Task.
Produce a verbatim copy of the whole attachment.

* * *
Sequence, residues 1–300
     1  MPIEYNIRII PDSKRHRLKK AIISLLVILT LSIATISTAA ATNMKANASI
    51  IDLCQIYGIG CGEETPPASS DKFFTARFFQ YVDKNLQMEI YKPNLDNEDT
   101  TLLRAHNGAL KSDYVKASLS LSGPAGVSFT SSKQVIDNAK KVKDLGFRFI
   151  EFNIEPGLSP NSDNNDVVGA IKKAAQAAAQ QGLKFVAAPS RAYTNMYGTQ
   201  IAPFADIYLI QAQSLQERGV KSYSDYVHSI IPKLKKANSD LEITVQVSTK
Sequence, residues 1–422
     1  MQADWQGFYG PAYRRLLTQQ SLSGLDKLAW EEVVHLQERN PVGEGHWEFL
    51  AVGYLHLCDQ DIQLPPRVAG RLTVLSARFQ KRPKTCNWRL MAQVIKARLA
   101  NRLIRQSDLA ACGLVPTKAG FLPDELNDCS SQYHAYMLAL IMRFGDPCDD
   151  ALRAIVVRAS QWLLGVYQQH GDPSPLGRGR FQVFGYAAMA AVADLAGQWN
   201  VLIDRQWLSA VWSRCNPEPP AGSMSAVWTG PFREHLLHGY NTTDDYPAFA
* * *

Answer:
Sequence, residues 1–300
     1  MPIEYNIRII PDSKRHRLKK AIISLLVILT LSIATISTAA ATNMKANASI
    51  IDLCQIYGIG CGEETPPASS DKFFTARFFQ YVDKNLQMEI YKPNLDNEDT
   101  TLLRAHNGAL KSDYVKASLS LSGPAGVSFT SSKQVIDNAK KVKDLGFRFI
   151  EFNIEPGLSP NSDNNDVVGA IKKAAQAAAQ QGLKFVAAPS RAYTNMYGTQ
   201  IAPFADIYLI QAQSLQERGV KSYSDYVHSI IPKLKKANSD LEITVQVSTK
Sequence, residues 1–422
     1  MQADWQGFYG PAYRRLLTQQ SLSGLDKLAW EEVVHLQERN PVGEGHWEFL
    51  AVGYLHLCDQ DIQLPPRVAG RLTVLSARFQ KRPKTCNWRL MAQVIKARLA
   101  NRLIRQSDLA ACGLVPTKAG FLPDELNDCS SQYHAYMLAL IMRFGDPCDD
   151  ALRAIVVRAS QWLLGVYQQH GDPSPLGRGR FQVFGYAAMA AVADLAGQWN
   201  VLIDRQWLSA VWSRCNPEPP AGSMSAVWTG PFREHLLHGY NTTDDYPAFA